The fisheye lens is an incredible tool — a wide-angle lens that adds a panoramic or hemispherical flare to your photos. It’s a quirky and cool lens to add to your collection for a bit of experimentation (and a whole lot of fun).
In the end, mastering the fisheye primarily comes down to one thing: practice. Be willing to get out there, explore, and see what you can create. You’ll find with the fisheye that objects become exaggerated and take on an entirely new personality and dimension.
If you’re looking to branch into this world of distortion, here are a few tips from the Skylum team.
The ways in which a fisheye lens creates distorted lines can turn somewhat ordinary street photography shots into intriguing masterpieces of architectural beauty. Try experimenting with curved light streaks from the traffic below a distorted row of buildings. Take the photo looking up and try to squeeze as many skyscrapers into the shot as possible. Have fun with a distorted busy intersection and drooping signal lights while trying to get high rises or the words of billboards in the background. Explore the geometry of modern buildings or classic landmarks. Just as with any other time you take your camera to the streets in an effort to be experimental, click away to find new perspective through the friendly fisheye.
You might be familiar with those fish eye shots done at wedding receptions or celebrations on the dance floor. Get in the middle of the action and to create that unique radial blur, slow down your shutter speed to about 1/25th of a second. Spin the camera 90 degrees counter clockwise by holding the lens in one hand while using another to pivot the camera body. It might take a few dozens times of practice to get that one fantastically fish-eye wedding shot. But trust us when we say, the end result is worth it.
One of the benefits of the fish eye lens resides in its ability to make patterns jump. The world rounds and distorts and patterns become exaggerated and more noticeable than before. Look for square, circle and triangle patterns that fill your frame, like stones or the frames of identical houses in a row. What about streetlamps? Or the pattern of passerby people holding coffee cups as you saunter through a downtown scene? Patterns exist all around us. Sometimes, it’s just a matter of training yourself to see things in a creatively interesting way.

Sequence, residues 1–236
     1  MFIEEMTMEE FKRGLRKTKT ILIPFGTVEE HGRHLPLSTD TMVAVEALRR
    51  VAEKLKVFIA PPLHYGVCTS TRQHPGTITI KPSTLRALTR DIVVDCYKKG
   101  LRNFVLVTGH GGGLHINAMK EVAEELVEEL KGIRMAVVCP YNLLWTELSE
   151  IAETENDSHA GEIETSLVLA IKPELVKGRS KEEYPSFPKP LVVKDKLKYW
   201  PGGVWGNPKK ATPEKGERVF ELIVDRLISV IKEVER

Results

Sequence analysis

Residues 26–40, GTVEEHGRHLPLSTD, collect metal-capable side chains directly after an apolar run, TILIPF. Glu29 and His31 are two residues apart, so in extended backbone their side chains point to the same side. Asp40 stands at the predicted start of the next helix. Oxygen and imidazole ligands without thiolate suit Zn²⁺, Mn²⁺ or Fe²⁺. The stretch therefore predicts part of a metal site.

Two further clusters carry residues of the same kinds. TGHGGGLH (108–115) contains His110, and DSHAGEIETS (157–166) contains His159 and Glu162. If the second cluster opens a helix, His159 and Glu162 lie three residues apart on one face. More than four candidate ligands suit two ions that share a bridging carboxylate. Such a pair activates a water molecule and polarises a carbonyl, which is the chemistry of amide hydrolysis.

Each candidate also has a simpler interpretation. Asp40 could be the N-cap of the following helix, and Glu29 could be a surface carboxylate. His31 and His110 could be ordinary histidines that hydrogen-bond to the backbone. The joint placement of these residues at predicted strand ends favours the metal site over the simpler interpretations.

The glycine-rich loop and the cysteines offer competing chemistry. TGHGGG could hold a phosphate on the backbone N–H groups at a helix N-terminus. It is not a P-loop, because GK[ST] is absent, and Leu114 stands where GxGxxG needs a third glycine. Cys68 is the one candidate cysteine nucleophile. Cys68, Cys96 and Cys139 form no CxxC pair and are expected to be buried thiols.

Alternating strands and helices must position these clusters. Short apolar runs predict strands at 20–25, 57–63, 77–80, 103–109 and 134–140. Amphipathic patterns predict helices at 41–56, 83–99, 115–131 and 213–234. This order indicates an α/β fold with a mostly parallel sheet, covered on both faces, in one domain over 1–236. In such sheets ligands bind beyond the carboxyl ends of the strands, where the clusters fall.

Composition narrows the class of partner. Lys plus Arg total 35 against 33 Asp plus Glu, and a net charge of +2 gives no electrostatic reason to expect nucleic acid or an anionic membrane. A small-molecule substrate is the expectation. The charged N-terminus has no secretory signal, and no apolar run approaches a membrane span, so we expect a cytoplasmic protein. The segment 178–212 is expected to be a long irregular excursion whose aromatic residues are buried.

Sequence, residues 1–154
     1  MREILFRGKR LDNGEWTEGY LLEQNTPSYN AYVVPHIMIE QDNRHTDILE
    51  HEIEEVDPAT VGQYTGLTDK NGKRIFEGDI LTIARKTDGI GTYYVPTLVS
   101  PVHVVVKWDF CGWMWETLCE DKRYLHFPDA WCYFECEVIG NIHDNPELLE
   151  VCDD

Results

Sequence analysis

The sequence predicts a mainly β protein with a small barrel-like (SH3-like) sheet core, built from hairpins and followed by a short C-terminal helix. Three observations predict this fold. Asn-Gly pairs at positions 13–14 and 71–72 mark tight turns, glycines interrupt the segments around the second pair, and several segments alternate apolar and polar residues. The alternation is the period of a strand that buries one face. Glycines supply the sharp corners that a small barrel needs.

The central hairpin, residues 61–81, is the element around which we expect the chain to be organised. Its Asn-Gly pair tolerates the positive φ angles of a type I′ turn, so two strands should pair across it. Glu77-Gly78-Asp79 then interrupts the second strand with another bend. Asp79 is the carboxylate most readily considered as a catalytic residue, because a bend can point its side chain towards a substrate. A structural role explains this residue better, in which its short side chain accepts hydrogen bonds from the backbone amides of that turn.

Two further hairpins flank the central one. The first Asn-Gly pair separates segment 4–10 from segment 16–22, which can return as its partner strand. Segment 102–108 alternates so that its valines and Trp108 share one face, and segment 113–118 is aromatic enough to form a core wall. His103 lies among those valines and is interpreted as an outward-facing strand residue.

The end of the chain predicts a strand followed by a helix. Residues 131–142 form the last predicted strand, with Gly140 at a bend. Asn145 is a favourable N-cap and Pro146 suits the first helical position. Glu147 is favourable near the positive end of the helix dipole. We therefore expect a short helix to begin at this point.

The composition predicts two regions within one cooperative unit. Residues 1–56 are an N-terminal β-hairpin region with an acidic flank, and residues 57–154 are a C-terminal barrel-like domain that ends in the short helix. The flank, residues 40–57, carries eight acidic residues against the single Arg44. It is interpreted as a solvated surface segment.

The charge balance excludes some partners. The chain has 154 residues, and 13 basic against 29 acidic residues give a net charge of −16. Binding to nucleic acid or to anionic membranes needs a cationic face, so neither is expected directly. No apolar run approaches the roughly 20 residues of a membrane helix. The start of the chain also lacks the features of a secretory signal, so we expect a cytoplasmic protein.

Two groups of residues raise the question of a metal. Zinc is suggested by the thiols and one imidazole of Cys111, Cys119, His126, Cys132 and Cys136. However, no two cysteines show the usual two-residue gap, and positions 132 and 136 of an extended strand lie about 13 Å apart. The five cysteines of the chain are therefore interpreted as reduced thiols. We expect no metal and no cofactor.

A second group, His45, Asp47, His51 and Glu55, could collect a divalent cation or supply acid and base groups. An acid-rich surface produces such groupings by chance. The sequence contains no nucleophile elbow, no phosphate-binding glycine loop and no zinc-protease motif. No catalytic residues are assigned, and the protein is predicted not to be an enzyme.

One of the wildly wonderful things that a fisheye lens does is that it changes the curvature of the Earth. The more you move your object or line to the edge of the frame, the more radically distorted it will become. If you place the horizon in the middle of your frame, it will rest straight across the image. To make this distortion become even more exaggerated, place your horizon extremely close to the top of the frame.
A fisheye is a prime lens, so you won’t be able to zoom in or out with it. Although, this doesn’t mean that it will stifle your shots or your creativity. Instead, view this barrier as a way to really experiment with your perspective. Get low. Go high. Get close to things. Then back away from them. See how these movements — these angles and lines — change your images.
If you want your horizon below the center of the frame, point your lens up. If you want your horizon above the center of the frame, tip your lens down. If you’d like the horizon to be level, keep it in the center of the frame.
From street snaps to wedding reception photos, keep all things crazy and cool with the fisheye lens. Like we said, don’t be afraid to practice and take wild shots. Be willing to experiment and see what you can come up with.
From all of us at the Skylum team, happy photo-taking!
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